WOODBRIDGE - The 225 teachers who work in the Amity Regional School District are facing the new year with a refreshed three-year contract, which has them set for a pay increase and a new medical benefits system.

The Amity Board of Education unanimously ratified the contract with the teachers at its regularly scheduled meeting on Jan. 9. Three years ago, the last time a contract was reached, was through arbitration.

"I thought this was a very amicable and focused set of negotiations," said Superintendent Dr. John Brady. "The teachers were just as eager to work with the board as the board was to work with the teachers."

Brady said that 90 percent of voting teachers present at the meeting voted in favor of the contract.

Due to an 80 percent jump in insurance premium costs, said Brady, the system by which teachers receive medical benefits has been changed. The teachers will now pay healthcare costs upfront, rather than a yearly co-payment, into a healthcare savings account. The new health benefits system is expected to save the district more than $800,000 over the course of the contract.

"It's a win for the teachers, the board, and for taxpayers," said Brady.

Karen Shenkman, president of the Amity Education Association, said the new health benefits system was one of the best parts of the new contract, estimating it will save teachers money in the long run.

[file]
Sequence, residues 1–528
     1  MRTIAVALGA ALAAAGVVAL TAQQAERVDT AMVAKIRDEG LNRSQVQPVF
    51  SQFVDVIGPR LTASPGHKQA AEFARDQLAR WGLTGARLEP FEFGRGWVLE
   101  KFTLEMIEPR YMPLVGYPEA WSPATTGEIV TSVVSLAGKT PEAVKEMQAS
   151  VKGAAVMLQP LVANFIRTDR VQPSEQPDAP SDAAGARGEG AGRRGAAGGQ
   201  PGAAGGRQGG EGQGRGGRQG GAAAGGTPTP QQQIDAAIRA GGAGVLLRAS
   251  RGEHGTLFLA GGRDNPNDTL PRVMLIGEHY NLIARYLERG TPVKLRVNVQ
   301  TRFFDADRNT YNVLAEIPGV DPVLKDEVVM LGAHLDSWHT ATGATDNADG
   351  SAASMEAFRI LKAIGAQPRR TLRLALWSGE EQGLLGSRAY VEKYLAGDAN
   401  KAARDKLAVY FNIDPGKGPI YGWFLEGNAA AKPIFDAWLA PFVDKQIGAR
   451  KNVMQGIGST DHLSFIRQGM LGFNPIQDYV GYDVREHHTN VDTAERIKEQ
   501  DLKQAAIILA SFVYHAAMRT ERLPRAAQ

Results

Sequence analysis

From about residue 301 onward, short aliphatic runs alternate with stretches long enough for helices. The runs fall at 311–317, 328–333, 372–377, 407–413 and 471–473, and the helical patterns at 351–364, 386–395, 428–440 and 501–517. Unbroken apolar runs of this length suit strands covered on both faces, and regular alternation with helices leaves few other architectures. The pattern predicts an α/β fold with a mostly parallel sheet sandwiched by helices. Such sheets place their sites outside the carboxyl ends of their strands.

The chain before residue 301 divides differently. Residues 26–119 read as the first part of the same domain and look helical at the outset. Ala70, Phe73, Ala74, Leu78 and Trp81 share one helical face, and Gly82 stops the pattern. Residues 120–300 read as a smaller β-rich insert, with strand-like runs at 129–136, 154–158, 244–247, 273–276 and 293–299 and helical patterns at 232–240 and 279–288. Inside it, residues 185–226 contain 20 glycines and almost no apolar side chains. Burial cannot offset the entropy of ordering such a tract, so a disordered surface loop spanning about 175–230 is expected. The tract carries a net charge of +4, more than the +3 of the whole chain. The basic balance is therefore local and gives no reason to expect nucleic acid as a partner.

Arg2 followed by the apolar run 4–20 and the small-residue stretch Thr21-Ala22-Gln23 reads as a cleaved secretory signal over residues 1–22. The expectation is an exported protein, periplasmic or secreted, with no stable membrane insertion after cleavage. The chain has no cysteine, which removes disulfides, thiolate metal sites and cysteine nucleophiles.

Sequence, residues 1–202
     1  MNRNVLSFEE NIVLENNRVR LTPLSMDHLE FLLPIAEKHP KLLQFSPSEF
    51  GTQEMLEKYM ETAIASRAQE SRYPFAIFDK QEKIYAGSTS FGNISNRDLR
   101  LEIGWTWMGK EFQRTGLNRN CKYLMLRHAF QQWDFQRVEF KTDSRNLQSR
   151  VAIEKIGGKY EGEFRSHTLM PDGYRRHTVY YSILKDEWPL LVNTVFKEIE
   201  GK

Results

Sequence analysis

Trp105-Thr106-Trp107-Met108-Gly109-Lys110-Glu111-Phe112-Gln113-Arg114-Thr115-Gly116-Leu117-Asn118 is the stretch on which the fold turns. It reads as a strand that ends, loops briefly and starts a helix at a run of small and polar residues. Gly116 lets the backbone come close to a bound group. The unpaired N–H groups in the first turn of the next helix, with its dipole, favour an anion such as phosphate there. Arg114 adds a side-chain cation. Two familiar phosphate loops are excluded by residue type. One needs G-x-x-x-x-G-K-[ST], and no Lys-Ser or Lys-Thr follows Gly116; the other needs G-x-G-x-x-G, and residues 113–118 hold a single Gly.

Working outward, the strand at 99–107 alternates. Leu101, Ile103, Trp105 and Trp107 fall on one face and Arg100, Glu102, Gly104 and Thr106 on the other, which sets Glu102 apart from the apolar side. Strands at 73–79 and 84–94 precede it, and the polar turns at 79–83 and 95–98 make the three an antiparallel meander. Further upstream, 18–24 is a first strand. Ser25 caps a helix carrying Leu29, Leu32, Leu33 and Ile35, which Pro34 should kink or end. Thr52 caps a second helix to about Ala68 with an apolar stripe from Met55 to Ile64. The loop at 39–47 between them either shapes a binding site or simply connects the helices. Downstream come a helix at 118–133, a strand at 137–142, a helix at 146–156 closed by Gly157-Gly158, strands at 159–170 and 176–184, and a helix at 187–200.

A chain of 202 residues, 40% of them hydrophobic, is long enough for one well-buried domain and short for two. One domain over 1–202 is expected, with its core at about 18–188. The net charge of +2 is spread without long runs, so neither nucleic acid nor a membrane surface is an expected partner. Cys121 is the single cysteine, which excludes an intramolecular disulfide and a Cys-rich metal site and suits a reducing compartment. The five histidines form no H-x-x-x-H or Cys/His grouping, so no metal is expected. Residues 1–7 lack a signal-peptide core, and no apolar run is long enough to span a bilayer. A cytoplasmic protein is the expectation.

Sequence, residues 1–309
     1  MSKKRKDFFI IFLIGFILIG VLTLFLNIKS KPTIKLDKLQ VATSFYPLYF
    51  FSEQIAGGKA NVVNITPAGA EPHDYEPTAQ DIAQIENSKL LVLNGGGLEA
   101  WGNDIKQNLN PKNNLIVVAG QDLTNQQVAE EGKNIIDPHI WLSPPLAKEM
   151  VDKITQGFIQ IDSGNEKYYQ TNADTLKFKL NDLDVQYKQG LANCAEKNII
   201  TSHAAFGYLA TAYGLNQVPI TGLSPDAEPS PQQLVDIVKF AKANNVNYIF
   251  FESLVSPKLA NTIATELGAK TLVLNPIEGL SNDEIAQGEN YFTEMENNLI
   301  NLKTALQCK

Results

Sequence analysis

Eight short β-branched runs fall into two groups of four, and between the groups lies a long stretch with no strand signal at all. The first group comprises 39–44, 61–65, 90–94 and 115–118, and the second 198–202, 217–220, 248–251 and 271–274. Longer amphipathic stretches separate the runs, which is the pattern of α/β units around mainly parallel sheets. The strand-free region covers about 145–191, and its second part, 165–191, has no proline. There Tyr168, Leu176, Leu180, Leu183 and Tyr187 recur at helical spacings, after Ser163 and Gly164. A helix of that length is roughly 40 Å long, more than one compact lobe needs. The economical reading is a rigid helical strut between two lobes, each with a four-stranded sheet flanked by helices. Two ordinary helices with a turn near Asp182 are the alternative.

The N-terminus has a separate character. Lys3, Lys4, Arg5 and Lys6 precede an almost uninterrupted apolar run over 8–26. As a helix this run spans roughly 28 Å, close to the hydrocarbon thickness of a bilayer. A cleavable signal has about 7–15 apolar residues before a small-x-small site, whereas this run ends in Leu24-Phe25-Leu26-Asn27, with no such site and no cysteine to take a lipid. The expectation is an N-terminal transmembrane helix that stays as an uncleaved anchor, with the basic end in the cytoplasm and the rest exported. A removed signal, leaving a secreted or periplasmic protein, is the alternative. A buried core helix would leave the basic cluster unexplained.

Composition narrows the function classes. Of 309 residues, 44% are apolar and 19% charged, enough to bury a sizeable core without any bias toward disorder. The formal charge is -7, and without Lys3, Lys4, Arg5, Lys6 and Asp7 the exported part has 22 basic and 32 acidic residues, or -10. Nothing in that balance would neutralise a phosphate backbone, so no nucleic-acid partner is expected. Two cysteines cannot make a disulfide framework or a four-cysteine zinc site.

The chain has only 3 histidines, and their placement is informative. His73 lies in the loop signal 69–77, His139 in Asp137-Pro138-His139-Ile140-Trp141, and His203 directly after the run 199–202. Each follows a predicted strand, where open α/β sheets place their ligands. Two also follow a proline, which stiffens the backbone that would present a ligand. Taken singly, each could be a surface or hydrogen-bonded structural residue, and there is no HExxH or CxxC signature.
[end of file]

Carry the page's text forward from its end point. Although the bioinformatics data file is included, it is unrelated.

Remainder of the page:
"The raise would've been eaten up by healthcare costs," said Shenkman, who has also taught for 32 years in Amity.

The teachers' wages will increase by over 7 percent over the three year contract. The wages will increase 2.25 percent in 2006-2007; 2.46 percent in 2007-2008, and by 2.99 percent in 2008-2009. Starting next year, a new teacher with a bachelor's degree will be given a starting salary of $39,344, and a teacher with a master's degree will start at $40,895.

Shenkman also noted that these most recent contract negotiations were very smooth, with many teachers pleased with the results.

"I've been doing this for 30 years, and we went in with one definite thing, which was a way to get some kind of handle on health care costs, and get an increase in salary. And we did achieve that," she said.